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Initial Investigation by a Local Authority

Responding to incidents

  1. If a local authority is concerned about a current or recent incident of crime affecting a heritage asset it should contact the police either immediately on 999 in the case of a current incident (ie where suspects are still at the scene) or on 101 to report a recent crime or incident in order to discuss what action should be taken by them.
  2. Be prepared to assist with the preparation of a witness statement or impact statement if requested as part of any formal police action as a result of the incident to ensure the full impact of the crime or incident of anti social behaviour on the community and the heritage significance is considered as part of the sentencing process.
  3. Also consider if there is anything that could be done to make the asset more secure from further threats of crime and anti social behaviour.
  4. Consider whether it is appropriate to use any of the statutory enforcement powers available including prosecution, as an appropriate response to the heritage crime.
  5. Discuss with the local Historic England office to consider the appropriate response in the case of crimes involving a designated asset i.e., scheduled monuments, nationally listed buildings, conservation areas, registered parks and gardens, registered battlefields, protected wreck sites and World Heritage Sites. More infomation on Interventions Guidance.
  6. Also consider working with your local Community Safety Team to consider if there is anything that could be done to make the asset more secure from further threats of crime and anti social behaviour.

Graffiti on Greyfriars Church in Gloucester
Graffiti on Greyfriars Church which has now been removed successfully. © Historic England

The strategic role

Local authorities have an important strategic role in the fight against heritage crime. Local problems should have local solutions. Historic England can offer bespoke assistance to any local authority wishing to take a strategic role in dealing with Heritage Crime.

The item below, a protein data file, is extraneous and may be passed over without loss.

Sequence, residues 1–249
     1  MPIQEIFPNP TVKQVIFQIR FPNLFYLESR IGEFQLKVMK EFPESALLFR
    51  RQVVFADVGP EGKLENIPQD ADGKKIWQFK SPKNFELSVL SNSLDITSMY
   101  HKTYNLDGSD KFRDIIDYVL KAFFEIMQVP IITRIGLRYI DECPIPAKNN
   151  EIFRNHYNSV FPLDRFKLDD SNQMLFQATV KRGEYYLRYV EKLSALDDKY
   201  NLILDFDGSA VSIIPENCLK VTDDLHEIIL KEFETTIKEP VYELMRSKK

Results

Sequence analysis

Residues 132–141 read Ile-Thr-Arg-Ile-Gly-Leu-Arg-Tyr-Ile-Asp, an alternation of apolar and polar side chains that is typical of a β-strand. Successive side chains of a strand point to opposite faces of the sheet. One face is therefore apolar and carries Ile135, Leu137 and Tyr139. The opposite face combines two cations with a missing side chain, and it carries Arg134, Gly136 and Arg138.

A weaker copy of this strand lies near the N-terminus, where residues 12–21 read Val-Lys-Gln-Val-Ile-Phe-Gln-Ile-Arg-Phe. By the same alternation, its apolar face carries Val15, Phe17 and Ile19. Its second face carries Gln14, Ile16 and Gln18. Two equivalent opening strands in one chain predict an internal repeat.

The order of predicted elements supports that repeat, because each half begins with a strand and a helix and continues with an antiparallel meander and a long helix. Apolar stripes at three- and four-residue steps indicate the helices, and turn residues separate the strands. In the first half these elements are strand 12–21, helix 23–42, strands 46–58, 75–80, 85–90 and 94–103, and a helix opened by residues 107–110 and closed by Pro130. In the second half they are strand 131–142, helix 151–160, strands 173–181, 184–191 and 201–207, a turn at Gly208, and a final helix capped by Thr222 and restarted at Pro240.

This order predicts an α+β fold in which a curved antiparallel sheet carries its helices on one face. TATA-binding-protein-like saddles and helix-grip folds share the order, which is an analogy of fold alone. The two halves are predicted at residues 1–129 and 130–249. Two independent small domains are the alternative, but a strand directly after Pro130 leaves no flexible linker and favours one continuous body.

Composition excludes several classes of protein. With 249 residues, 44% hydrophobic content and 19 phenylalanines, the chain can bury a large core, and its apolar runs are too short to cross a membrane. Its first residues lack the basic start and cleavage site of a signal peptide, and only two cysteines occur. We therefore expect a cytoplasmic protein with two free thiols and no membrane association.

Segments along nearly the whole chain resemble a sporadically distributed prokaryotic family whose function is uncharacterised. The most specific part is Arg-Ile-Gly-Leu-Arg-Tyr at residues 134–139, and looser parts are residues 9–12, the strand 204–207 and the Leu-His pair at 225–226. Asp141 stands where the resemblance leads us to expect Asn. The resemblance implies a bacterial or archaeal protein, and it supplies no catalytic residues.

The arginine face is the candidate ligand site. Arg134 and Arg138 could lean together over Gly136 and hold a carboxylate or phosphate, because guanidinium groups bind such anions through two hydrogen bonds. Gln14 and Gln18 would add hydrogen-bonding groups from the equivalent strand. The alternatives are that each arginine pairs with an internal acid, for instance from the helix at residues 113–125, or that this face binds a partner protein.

Steps for a local authority to consider are:

  1. Identification of the designated heritage assets in their area. This information can be found on the National Heritage List for England or their own Historic Environment Records.
  2. Focussing effort on heritage assets most at risk using the Quick Risk Assessment tool.
  3. Reducing the risks by implementing Heritage Crime Prevention Measures.
  4. Setting up a partnership and collaborative arrangements with other organisations involved in crime reduction and enforcement or protecting the historic environment in the area. A partnership model based on Neighbourhood Policing and Community Safety Partnerships has been developed for the prevention of heritage crime and has been agreed with the Police and other interested bodies. The local police service may already have identified a police officer with responsibility for dealing with heritage crime issues who will sometimes also be the officer with responsibility for wildlife and environmental crime. A number of local authorities host police officers within local community safety teams.